Directed by Jun Robles Lana, who brought Bwakaw to TIFF back in 2012, Your Mother’s Son explores the complicated relationship between Sarah (Sue Prado) and her son Emman (Kokoy de Santos). The pair lives in a small village in the Philippines; Sarah, a former schoolteacher, works two jobs — preparing food orders and teaching English courses online (and doing both from home) — while Emman was recently laid off from his restaurant job as a result of it closing because of the pandemic.
Unemployed and restless, Emman spends his days pretending to look for a job, but, in actuality, he leaves the house in order to secretly get high and have sex with Amy (Elora Españo), Sarah’s assistant. To Amy, Sarah and Emman’s circumstances raise many questions, but neither are forthcoming with details. It isn’t until Sarah brings home Oliver (Miggy Jimenez), one of her online students who is being physically abused by his father, that things start to unravel and the truth about Sarah and Emman finally come to light in the most devastating way.
Your Mother’s Son is intentional in the way that it subverts expectation and disturbs at every turn as the web of lies that entangle Sarah and Emman — and, eventually, Amy and Oliver — fall apart. Teresa Barrozo’s score throughout is appropriately spare but haunting, and cinematographer Moises Zee’s camera is patient and precise. Combined with the use of longer takes, Lana makes us viewers the unwitting houseguest in this domestic drama, stirring our need for answers while making us dread their discovery.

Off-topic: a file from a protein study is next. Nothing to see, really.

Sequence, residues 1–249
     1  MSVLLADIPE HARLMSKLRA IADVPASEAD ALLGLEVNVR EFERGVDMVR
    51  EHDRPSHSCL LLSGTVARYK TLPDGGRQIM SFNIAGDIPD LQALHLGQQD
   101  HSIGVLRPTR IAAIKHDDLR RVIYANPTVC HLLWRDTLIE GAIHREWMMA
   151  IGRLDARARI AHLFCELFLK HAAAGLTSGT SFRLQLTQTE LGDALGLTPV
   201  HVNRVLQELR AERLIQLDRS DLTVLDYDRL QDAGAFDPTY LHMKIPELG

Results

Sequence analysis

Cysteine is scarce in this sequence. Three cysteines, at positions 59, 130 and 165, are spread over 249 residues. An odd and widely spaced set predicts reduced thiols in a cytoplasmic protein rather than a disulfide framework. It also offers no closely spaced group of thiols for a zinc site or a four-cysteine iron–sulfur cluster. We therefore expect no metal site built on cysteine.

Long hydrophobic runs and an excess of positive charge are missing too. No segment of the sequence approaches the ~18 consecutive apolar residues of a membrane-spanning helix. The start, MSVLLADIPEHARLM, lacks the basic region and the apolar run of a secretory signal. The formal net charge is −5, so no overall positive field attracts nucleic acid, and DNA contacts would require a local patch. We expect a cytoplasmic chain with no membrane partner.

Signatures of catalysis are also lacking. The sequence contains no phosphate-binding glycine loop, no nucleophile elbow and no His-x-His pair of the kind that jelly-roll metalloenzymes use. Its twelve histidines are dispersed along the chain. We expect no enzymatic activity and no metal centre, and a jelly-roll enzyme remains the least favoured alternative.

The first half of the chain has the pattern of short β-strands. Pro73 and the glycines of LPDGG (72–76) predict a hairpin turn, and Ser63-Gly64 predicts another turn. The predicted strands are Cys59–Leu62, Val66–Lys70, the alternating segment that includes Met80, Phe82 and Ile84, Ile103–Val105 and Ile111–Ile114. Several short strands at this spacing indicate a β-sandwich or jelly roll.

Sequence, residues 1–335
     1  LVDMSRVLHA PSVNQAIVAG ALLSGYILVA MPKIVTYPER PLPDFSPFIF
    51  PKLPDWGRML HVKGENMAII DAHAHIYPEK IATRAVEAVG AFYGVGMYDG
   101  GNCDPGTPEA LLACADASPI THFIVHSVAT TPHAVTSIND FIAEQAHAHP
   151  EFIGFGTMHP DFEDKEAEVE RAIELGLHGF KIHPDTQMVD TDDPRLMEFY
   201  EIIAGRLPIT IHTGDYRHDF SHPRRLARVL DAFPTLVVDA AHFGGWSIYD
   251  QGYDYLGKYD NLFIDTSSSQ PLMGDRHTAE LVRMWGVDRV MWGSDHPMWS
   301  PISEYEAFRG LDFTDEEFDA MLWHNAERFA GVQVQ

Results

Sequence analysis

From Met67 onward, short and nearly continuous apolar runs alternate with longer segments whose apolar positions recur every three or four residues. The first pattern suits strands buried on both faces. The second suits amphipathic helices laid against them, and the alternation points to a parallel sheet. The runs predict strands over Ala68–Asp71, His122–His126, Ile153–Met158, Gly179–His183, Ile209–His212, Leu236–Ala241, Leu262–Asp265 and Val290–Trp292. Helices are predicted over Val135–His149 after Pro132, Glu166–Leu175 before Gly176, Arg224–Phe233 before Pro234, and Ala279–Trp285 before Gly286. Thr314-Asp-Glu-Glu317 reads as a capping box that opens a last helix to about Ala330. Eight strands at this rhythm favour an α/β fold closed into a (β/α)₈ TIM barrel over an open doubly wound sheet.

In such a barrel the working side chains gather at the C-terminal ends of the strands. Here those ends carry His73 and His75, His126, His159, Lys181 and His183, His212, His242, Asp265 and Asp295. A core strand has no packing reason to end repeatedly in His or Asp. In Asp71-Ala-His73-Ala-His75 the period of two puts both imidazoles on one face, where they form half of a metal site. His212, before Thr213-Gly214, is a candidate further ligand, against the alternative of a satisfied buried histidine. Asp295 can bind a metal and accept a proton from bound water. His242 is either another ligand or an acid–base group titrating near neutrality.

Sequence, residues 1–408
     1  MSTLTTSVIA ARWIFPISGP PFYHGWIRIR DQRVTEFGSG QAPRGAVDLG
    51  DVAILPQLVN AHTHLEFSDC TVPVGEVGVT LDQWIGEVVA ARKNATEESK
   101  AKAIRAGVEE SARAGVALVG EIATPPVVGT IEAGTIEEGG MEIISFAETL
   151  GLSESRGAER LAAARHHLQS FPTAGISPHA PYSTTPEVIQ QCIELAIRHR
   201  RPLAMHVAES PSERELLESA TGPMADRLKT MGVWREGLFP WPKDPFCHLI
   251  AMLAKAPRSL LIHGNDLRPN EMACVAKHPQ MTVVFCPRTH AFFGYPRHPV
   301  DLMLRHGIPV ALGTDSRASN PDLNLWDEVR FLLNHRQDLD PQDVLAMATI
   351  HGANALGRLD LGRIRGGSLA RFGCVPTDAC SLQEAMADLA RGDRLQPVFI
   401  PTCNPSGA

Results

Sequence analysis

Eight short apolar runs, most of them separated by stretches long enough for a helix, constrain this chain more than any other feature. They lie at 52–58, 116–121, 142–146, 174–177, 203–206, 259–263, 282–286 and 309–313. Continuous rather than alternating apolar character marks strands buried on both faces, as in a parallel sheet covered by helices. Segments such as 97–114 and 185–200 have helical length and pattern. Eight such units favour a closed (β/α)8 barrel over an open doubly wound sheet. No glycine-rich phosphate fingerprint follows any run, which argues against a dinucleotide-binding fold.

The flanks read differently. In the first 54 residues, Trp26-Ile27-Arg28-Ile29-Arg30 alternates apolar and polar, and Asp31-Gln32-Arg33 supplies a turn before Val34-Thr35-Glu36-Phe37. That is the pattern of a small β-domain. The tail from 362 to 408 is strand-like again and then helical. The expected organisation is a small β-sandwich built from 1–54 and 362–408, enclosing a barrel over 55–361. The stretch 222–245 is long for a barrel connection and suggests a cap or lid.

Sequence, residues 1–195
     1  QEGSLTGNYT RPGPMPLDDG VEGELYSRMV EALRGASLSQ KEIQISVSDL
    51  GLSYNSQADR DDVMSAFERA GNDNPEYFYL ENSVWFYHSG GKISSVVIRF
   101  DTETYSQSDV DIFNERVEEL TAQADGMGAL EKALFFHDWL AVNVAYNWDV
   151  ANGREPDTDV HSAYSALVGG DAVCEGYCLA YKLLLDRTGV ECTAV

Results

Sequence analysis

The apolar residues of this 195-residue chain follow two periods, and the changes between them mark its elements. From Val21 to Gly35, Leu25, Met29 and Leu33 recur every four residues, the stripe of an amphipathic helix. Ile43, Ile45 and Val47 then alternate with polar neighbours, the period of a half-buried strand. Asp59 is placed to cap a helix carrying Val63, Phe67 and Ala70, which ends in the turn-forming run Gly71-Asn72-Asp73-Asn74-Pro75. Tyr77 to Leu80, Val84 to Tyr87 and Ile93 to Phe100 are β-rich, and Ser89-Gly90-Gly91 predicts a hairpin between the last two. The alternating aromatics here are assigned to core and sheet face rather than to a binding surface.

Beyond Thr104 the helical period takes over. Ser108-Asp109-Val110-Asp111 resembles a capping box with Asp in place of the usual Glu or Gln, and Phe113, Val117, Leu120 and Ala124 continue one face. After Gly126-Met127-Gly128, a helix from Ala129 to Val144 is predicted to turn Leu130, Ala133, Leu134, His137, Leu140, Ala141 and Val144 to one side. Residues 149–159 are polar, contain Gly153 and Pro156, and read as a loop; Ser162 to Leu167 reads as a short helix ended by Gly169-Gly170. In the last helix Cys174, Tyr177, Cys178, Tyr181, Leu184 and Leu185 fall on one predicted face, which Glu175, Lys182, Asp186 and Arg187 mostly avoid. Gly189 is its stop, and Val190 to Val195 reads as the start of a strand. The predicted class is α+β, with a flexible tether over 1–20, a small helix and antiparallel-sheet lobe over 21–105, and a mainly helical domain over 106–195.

As it turns out, Sarah and Emman aren’t mother and son, but husband and wife. However, this isn’t revealed until much later in the film, certainly well after we see them have sex (which seems fuelled more by anger than love). For most of the film, as a result, you wonder if Emman has an Oedipus Complex — after all, this is a film festival title, so you convince yourself nothing taboo is off limits. But Oliver’s presence disrupts and reveals all: Emman was Sarah’s former student, and it’s implied he was the prey and she was the predator, taking advantage of his youth and her power to convince him that what he is experiencing was love.
The last act of the film, and especially the chilling final moments, won’t be spoiled here, but the simmering performances from Prado and de Santos inevitably turn explosive. Prado is excellent in the way that she infuses Sarah’s conniving edge with something that feels almost like maternal warmth. Meanwhile, de Santos’ ability to live in the different shades of pain and rage defies his age.
If, as the credits roll, you find that Your Mother’s Son was hard to watch and even harder to define, that’s because, like all relationships between an abuser and the abused, it should be.